Because government is a historical fact, it’s more important to figure out how it can best serve us than it is writing screeds about how it shouldn’t exist. Right?
Liberal, Representative Democracy is Best… I Mean, Least Bad
In addition to knowing that government is a historical fact, we also know the rough form government should take, and that is liberal representative democracy. By “liberal” I mean a government that has protections against individuals (a “bill of right”) and institutional checks against power (i.e. “checks and balances”). By “democracy” I mean a system in which the people vote. And by “representative” I mean a system in which people vote for leaders instead of directly for legislation or decisions.
We know our society will have leaders. We need a liberal society to prevent those leaders from abusing their power. Without laws and norms to govern society’s leaders, we are relying entirely on the character of those leaders to behave in ways we would prefer. That doesn’t work. (The histories of monarchy, oligarchy and dictatorship are not pretty.) Laws and norms are better than no laws and norms.
We also know that power corrupts. When give the opportunity to do something unethical or immoral but with great personal benefits and few consequences, many if not most people will act unethically, as a certain President is proving at the moment. Laws and norms are all well and good, but if there’s no method for penalizing bad behaviour, there’s no point in the laws and norms. Term limits are better than no lifetime appointments. (This is not true in all cases, as it depends upon the role in government. For example, I would personally argue that too many public officials are elected in the United States.)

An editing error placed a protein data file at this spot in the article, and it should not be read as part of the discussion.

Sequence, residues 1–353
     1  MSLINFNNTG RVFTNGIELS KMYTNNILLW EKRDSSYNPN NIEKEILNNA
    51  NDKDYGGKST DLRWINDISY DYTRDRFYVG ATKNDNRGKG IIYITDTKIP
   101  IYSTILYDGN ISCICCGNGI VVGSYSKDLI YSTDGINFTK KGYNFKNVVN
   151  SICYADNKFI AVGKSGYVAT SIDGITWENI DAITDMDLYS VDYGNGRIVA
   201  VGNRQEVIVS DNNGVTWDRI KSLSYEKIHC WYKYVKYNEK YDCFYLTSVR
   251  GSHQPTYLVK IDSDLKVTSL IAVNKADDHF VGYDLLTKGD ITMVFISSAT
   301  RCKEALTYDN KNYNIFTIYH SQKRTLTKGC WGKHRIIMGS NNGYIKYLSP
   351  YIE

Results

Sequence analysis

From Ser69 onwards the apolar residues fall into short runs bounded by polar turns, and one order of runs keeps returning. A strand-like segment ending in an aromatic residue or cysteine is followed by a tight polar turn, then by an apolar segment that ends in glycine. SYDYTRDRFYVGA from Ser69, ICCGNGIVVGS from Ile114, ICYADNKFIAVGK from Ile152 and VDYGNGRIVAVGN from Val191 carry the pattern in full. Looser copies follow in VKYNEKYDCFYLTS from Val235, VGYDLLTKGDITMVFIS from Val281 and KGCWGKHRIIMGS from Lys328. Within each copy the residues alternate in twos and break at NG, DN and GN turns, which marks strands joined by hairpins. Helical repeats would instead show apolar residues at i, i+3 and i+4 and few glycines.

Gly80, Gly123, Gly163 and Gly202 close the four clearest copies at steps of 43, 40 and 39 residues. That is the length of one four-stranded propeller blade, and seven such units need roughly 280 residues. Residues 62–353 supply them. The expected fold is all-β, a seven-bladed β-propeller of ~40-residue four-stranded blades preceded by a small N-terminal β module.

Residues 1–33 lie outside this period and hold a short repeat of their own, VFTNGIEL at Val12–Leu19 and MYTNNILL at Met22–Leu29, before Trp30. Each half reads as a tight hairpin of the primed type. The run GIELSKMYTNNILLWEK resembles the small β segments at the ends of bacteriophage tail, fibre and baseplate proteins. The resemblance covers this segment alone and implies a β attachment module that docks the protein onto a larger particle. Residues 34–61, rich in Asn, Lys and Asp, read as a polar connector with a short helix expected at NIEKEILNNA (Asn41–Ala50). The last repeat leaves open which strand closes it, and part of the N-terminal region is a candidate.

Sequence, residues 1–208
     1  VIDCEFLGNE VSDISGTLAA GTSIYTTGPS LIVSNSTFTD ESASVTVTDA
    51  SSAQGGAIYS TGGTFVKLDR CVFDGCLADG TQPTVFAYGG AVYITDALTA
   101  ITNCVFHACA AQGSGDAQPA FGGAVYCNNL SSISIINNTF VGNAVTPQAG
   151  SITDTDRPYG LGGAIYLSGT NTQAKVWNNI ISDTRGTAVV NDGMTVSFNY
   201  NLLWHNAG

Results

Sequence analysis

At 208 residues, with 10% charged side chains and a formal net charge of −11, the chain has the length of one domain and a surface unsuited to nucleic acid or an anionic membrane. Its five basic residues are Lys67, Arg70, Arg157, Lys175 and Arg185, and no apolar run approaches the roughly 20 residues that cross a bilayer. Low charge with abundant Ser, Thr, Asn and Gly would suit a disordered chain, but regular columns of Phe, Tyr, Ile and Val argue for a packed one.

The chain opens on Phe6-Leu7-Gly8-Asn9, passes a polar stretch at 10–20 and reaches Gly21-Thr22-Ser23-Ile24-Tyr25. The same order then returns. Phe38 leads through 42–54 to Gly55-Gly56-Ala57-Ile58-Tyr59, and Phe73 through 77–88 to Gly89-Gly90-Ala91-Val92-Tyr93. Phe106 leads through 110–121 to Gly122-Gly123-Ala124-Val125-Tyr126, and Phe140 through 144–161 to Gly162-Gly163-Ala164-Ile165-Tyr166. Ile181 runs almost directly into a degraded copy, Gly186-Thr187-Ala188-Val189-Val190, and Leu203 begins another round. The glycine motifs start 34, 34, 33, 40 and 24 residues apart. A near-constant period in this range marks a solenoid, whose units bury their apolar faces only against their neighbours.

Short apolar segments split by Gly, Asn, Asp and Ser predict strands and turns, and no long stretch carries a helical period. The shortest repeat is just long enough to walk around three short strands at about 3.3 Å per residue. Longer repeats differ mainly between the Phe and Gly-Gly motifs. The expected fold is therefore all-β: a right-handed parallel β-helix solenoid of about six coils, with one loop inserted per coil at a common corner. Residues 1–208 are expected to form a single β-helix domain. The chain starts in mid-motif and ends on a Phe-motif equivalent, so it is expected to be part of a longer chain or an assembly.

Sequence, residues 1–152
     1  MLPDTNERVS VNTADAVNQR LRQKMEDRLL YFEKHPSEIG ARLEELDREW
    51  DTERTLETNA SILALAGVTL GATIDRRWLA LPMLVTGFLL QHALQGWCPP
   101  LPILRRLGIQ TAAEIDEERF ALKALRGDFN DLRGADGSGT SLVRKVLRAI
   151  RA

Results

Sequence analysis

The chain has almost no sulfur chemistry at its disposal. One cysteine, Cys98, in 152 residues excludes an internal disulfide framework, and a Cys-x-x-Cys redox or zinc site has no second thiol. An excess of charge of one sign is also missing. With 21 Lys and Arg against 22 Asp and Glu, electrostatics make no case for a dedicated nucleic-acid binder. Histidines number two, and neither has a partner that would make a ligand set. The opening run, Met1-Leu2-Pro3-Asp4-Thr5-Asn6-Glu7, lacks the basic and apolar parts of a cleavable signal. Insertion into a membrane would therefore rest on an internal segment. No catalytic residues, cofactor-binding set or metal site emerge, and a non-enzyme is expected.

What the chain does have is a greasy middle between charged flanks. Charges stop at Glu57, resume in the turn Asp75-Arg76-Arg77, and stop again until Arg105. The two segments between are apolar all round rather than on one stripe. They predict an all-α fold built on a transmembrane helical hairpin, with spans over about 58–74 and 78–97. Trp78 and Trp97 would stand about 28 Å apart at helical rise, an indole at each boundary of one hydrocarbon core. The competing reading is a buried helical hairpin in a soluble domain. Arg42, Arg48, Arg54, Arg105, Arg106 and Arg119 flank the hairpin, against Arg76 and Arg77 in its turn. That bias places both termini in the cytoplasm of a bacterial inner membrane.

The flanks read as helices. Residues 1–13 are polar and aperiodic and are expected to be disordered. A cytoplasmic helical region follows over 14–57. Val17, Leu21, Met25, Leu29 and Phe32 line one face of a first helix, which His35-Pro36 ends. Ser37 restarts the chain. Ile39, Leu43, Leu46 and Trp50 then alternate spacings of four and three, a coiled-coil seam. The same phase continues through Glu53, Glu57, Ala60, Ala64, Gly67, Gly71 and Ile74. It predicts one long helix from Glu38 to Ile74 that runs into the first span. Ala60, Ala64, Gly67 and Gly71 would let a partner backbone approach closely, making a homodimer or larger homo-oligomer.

Finally, we know that large groups of people often make very poor decisions. Our limited rationality is even more limited when we are strongly influenced by the behaviour of others. (The “Wisdom of Crowds” refers to group knowledge, not group behaviour.) Human beings cannot be trusted to collectively look after individuals or minorities. Representative democracy is better than direct democracy because it’s less likely to punish minorities and individuals. Not unlikely, just less likely. (Everything is imperfect.)
In addition to being the least bad form of government, I think it’s very likely that we will continue to have this form of government in “The West.” It might not feel like it right now, during this nationalist wave, but wholesale changes in the nature of government are really quite rare. In Canada, where, I live, it seems highly unlikely we’d return to a more traditional monarchy, or become a dictatorship. The only potential government change I can see is a climate change-motivated one: a dictatorship or oligarchy due to environmental necessity. I cannot imagine Canada switching forms of government – from a liberal representative democracy to something else – for any other reason (at the moment).
So we know we have to have a government. And we know, roughly, what type of government it should be. Neither of these things tells us what the government should do.
What Should Government Do?
I feel like there are roughly two attitudes towards the purpose of government in North America at the moment:
- the government should do as much as possible
- the government should do as little as possible.